All throughout your life, you have this idea pounded into your head that if you work hard, you will be successful, but how is success really defined? We grow up with the mindset that if we are successful, we can have anything our heart desires but even if we reach this so-called peak success, who is it to say that we will definitely be happy? Success is constantly tied to money. In a way, our world has become so obsessed with the idea of money that we don’t even stop to think about how harmful it can be. There are money incentives placed on pretty much everything we do in life. Yet, money can’t buy the most genuine things in life, the things that truly fill someone with happiness. Money can’t buy authentic friendships or those special but limited moments you get with your grandparents. Money can’t buy happiness.
The true definition of happiness is not rooted from money. True happiness comes from the heart, and it is not something one can purchase. If one defines their happiness by the amount of materialistic things they possess, they will find themselves full of voids that money can’t fill. Products start out as new and exciting but eventually become worn out and the happiness that comes with them quickly disappears. Research from San Francisco State found that people who spent their money on real experiences rather than tangible items were genuinely happier with themselves and their lives. They argued that their money was better spent on memories than materialistic items that would eventually lose their appeal.
Looking from the outside in, those who are well-off seem to be exceedingly happy with their lives. However, in most cases, they are just putting on a front to hide their discontent.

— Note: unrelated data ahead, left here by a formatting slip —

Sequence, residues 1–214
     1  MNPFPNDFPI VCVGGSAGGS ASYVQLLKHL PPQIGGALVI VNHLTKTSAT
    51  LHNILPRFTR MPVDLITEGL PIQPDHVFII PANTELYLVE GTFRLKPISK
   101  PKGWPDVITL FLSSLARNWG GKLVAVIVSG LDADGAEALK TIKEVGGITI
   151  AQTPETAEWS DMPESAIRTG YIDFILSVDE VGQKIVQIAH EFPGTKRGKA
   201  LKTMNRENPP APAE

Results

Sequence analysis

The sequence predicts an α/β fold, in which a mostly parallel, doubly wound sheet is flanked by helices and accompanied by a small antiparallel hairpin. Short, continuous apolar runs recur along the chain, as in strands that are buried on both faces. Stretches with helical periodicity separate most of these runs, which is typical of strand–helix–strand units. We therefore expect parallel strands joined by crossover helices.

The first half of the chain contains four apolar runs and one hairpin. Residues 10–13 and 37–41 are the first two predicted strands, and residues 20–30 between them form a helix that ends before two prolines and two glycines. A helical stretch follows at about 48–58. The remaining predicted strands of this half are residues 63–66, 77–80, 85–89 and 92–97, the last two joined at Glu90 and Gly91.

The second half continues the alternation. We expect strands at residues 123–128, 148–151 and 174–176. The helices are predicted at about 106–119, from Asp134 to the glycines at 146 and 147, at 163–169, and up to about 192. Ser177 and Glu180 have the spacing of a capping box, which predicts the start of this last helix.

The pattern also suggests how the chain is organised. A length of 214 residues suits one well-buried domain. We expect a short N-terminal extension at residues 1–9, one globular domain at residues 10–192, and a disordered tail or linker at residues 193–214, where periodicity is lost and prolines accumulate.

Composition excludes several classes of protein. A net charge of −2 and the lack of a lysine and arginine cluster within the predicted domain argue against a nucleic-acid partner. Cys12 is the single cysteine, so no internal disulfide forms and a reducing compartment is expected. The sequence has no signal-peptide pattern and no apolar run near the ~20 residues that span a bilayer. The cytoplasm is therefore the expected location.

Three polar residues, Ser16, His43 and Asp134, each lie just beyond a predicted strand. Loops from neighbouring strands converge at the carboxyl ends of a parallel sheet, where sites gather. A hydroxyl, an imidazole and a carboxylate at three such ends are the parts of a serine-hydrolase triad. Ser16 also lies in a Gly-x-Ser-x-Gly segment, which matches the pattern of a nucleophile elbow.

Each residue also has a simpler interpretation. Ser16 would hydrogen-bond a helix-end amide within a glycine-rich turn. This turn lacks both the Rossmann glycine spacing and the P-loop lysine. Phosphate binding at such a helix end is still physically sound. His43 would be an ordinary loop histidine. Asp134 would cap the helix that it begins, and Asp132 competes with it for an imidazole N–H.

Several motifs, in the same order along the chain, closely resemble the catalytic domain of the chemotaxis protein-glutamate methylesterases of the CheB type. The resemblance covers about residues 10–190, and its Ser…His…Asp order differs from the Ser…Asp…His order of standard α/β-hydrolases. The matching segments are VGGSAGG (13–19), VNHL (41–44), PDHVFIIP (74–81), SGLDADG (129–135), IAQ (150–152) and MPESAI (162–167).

Take Kate Spade, for example. She had an empire she had built and all the money in the world. But to her, that was not enough. The scariest part of all: no one knew just how much agony she endured in her daily life. The problem with the world we live in is that when people heard of her passing, they said to themselves, “Why would she do that; she had everything?” One man tweeted about how shocked he was that someone with a net worth of $150 million would take their own life. The world fails to sympathize with just how much pain she was in, and how no amount of money was able to fix this pain. Kate Spade exemplifies the idea that even with all of the money in the world, one is not guaranteed happiness.
So the next time you think, “if only I was rich”, or “if only I had this”, or “if only I lived that life”, think again. You have the power to decide whether today is going to be a good day. You have the power to change your world. You are in control of your happiness and this control is not something that money can buy. We get so caught up in the world and the constant need for more that we seem to forget that there is always an answer, and no matter how dark things might get, there is always light at the end of the tunnel. Hold onto that light and you will find yourself to be a much happier person.